Comet 88P/Howell will make its closest approach to the Sun, at a distance of 1.36 AU.
|17 Sep 2020||– 88P/Howell reaches its brightest|
|26 Sep 2020||– 88P/Howell at perihelion|
|05 Sep 2020||Libra||Not observable|
|07 Sep 2020||Libra||Not observable|
|09 Sep 2020||Libra||Not observable|
|11 Sep 2020||Libra||Not observable|
|13 Sep 2020||Scorpius||Not observable|
|15 Sep 2020||Scorpius||Not observable|
|17 Sep 2020||Scorpius||Not observable|
|19 Sep 2020||Scorpius||Not observable|
|21 Sep 2020||Scorpius||Not observable|
|23 Sep 2020||Scorpius||Not observable|
|25 Sep 2020||Scorpius||Not observable|
|27 Sep 2020||Scorpius||Not observable|
|29 Sep 2020||Scorpius||Not observable|
|01 Oct 2020||Scorpius||Not observable|
|03 Oct 2020||Ophiuchus||Not observable|
|05 Oct 2020||Ophiuchus||Not observable|
|07 Oct 2020||Ophiuchus||Not observable|
|09 Oct 2020||Ophiuchus||Not observable|
|11 Oct 2020||Ophiuchus||Not observable|
|13 Oct 2020||Ophiuchus||Not observable|
|15 Oct 2020||Sagittarius||Not observable|
At the moment of perihelion it will not be observable – it will reach its highest point in the sky during daytime and will be no higher than 12° above the horizon at dusk.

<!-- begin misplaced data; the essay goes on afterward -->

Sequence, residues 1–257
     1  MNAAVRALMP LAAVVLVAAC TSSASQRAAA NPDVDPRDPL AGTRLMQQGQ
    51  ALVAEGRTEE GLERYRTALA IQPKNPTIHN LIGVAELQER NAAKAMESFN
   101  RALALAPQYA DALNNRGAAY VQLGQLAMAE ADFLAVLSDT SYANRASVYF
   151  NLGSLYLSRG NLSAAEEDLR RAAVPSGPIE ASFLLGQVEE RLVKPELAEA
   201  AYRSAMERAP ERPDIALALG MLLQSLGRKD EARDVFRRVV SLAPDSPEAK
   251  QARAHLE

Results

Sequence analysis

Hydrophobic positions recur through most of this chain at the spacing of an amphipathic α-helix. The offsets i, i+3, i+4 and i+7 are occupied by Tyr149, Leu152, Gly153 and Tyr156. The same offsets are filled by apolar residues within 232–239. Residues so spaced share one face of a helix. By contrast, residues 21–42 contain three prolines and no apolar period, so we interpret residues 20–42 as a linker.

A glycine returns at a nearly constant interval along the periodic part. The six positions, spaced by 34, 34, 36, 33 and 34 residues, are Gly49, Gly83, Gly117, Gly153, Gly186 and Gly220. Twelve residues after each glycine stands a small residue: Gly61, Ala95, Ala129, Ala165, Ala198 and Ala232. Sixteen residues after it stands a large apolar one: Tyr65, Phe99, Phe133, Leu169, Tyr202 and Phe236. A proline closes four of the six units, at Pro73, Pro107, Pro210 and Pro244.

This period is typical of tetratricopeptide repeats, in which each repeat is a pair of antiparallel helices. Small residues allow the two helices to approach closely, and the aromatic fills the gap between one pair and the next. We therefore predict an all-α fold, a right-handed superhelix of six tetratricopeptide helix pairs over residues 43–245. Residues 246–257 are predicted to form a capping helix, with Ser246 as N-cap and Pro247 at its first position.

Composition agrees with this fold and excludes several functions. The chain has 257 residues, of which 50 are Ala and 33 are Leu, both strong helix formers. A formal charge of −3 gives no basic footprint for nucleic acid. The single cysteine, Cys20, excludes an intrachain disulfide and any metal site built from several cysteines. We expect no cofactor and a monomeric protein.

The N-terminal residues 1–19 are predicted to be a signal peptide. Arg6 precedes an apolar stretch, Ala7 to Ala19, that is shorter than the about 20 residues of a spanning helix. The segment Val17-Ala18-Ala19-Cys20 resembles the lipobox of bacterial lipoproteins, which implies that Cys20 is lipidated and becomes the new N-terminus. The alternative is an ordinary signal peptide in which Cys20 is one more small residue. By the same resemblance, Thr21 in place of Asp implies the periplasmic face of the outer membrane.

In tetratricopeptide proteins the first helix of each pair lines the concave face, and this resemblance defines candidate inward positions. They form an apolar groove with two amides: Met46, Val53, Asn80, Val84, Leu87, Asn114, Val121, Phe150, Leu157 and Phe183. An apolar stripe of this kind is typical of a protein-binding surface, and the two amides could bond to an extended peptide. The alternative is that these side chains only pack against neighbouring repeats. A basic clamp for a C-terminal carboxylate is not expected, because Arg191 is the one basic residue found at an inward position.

The chart below shows the path of 88P/Howell over the course of its apparition, as calculated from the orbital elements published by the Minor Planet Center (MPC). It is available for download, either on dark background, in PNG, PDF or SVG formats, or on a light background, in PNG, PDF or SVG formats. It was produced using StarCharter.
Comets are intrinsically highly unpredictable objects, since their brightness depends on the scattering of sunlight from dust particles in the comet's coma and tail. This dust is continually streaming away from the comet's nucleus, and its density at any particular time is governed by the rate of sublimation of the ice in the comet's nucleus, as it is heated by the Sun's rays. It also depends on the amount of dust that is mixed in with that ice. This is very difficult to predict in advance, and can be highly variable even between successive apparitions of the same comet.
In consequence, while the future positions of comets are usually known with a high degree of confidence, their future brightnesses are not. For most comets, we do not publish any magnitude estimates at all. For the few comets where we do make estimates, we generally prefer the BAA's magnitude parameters to those published by the Minor Planet Center, since they are typically updated more often.
Based on the magnitude parameters published for this comet by the BAA Comet Section, we estimate that it may be around mag 9 at perihelion. This estimate is based on observations that the BAA has received from amateur astronomers, assuming that its current level of activity will remain constant.
This comet is not expected to be visible to the naked eye, but might be visible through bird-watching binoculars.
The comet's position at perihelion will be:
The coordinates are given in J2000.0.
|The sky on 26 September 2020|
9 days old
All times shown in EDT.
This event was automatically generated on the basis of orbital elements published by the Minor Planet Center (MPC) , and is updated whenever new elements become available. It was last updated on 16 Oct 2020.
© Andy Roberts 1997. Pictured comet is C/1995 O1 Hale-Bopp.